Today I welcome author Brandon Davis Jennings to my blog. His second book, Battle Rattle, was released last month.
Where were you born and where do you call home?
I was born in Hampton, Virginia, but my family is West Virginian. My childhood was spent mostly on the west coast in California (the Mojave Desert) and in Washington State. My dad served twenty years in the USAF, and that’s made it difficult for me to pick a home. Home is where my friends are, and they are all over the place. But my wife and I have finally settled in South Bend, Indiana. We want our daughter to have a place she can call home, and it’s looking like that place will end up being South Bend, Indiana.
When did you first consider yourself a writer?
I wrote when I was in high school and in grade school too. But back then I didn’t know that a person could be a writer. I thought all the books had been written and that anyone who wrote in contemporary time was just kind of fooling around. I really started to feel like a writer when I was in Saudi Arabia during the initial invasion of Iraq. I was writing while I was there, probably as catharsis. But I never really stopped writing after I began in Saudi. And then while I was in undergrad for Journalism, I learned about MFAs in fiction. I had no idea you could get a degree in telling stories. I applied four places and got into Bowling Green State University earned an MFA in fiction and then went on to get a Ph. D in English with a creative dissertation. So it was probably Operation Iraqi Freedom that did it to me. It was the encouragement of friends, family, and mentors that kept me at it.
How much of yourself, your personality or your experiences, is in your books?
Because the vast majority of the work I’ve been doing the past few years has been nonfiction (although the book I am promoting presently is fiction), my self has infiltrated a lot more of my characters than it may have otherwise. Or another way of looking at it is that my self is a lot more readily apparent to me in my present work because all the nonfiction I’ve written has helped me to understand myself better. And I don’t think art comes from nothing, so even when a character does something I would never do, I probably have the character make that decision because I disagree with it. Stories are often more interesting when characters act in ways that we believe we would not. The Iliad is interesting in part because Achilles chooses to go to war and die: whether we like it or not. I’m more interested in Ajax the Greater, but this probably isn’t the place for a rant about that.
Have you started your next project? If so, can you share a little bit about your next book?
My next book is a memoir in essays. Some of it has been published already in variou journals. But if I had to simplify it, that book is about growing up a military brat, having been molested on the night MIke Tyson lost to Buster Douglas, and how keeping that secret for twenty years affected my life.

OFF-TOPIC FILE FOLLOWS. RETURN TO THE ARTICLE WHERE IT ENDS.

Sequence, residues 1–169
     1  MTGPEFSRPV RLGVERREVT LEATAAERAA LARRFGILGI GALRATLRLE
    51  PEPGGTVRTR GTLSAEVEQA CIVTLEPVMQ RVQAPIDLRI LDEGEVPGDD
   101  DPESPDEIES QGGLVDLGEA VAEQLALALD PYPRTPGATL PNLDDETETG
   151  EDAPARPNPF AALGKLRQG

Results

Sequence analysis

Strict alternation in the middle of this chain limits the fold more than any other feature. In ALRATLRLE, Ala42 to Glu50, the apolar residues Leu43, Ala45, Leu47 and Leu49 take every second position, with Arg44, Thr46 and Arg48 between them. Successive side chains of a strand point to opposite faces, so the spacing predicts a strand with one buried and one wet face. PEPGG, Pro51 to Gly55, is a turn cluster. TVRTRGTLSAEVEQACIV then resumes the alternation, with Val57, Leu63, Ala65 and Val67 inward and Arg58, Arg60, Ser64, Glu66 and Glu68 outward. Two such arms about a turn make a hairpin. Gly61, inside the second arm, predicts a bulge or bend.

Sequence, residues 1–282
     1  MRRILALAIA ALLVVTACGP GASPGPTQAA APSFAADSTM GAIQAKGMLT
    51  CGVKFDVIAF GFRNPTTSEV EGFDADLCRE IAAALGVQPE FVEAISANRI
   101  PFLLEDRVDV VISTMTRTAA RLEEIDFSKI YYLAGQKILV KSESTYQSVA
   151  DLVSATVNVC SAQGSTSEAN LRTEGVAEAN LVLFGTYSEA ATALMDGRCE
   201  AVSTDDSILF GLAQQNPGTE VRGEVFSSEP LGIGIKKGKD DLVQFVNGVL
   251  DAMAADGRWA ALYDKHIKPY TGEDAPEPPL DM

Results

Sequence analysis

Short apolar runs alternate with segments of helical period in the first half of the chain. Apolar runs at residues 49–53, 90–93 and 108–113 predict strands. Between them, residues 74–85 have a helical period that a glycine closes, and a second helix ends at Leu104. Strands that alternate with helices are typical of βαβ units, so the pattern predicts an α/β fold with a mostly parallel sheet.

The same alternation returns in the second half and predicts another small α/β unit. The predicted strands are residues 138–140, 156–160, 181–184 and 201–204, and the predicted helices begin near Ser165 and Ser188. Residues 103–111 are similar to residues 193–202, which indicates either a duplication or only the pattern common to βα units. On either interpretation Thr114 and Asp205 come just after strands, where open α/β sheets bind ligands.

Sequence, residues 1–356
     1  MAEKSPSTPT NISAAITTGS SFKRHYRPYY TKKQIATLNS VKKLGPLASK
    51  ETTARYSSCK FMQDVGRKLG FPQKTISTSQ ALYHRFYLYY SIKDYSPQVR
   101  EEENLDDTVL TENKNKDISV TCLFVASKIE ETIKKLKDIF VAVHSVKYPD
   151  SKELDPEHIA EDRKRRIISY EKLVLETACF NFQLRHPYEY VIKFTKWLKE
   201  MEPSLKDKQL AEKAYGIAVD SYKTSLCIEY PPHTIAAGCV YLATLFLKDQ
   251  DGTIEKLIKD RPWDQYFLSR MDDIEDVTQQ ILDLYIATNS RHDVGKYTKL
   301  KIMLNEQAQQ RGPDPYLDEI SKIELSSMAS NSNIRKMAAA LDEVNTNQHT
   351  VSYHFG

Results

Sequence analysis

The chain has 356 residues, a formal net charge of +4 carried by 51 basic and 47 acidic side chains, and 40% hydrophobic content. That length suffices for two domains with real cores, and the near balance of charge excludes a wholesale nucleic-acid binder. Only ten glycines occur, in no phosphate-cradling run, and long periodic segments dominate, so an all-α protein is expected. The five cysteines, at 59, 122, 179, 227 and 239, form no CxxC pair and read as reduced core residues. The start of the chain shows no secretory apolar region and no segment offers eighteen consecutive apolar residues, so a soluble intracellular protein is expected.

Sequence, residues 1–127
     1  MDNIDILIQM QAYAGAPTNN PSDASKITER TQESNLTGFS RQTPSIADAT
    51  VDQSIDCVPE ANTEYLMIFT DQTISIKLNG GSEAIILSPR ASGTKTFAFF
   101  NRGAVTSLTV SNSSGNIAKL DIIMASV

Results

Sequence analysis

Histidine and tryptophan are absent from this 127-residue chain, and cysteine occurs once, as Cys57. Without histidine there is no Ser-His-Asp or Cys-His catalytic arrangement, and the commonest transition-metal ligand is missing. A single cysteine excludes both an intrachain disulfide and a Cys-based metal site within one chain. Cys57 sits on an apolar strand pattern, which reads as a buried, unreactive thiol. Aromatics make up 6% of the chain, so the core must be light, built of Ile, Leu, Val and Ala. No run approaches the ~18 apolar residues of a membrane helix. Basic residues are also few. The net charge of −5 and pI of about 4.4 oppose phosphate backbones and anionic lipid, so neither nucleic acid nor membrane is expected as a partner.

Do you write full-time? If so, what is your work day like? If not, what do you do other than write and how do you find time to write?
I do write full-time, but I’m also a stay-at-home dad. So I have to wake at 5 most mornings to ensure I get some writing done before my daughter starts requiring attention. She naps a couple times a day still (she’s one), and that makes it easy for me to dive in and out of projects. It prevents me from doing any marathon writing sessions, but I don think those are often as productive as the word count might lead a writer to believe. Every one has her own process of course. But writing is no different than anything else: after a while, you get tired and sloppy and what might seem like a great sentence at the time of writing it, ends up being complete garbage upon later inspection. I am more productive now that I have a daughter than I was before she was around to keep me on my toes. She and my wife drive me to make the best art that I can.
Please tell us about your current release.
Battle Rattle is my second Kindle Single and the second book I’ve written about a group of American enlisted-men who live in segments: deployments broken up by brief respites lived at home. Unlike the majority of the books about war that have been released recently, this book doesn’t focus on any one of the particular conflicts American is involved in presently. This book isn’t about The Iraq War or the war in Afghanistan. It’s about these men who’ve been enlisted and serving long enough to have been to war in many different places. It’s also about how the jobs they’ve chosen impact the lives of their families at home. What I’m hoping Battle Rattle does is show people the America that I’ve witnessed and participated in during my 35 years. And I believe that despite much of the heartache and sadness that this book contains, it is hopeful because it should force readers to see these characters fully without giving them the chance to turn their heads.
How did you come up with the title?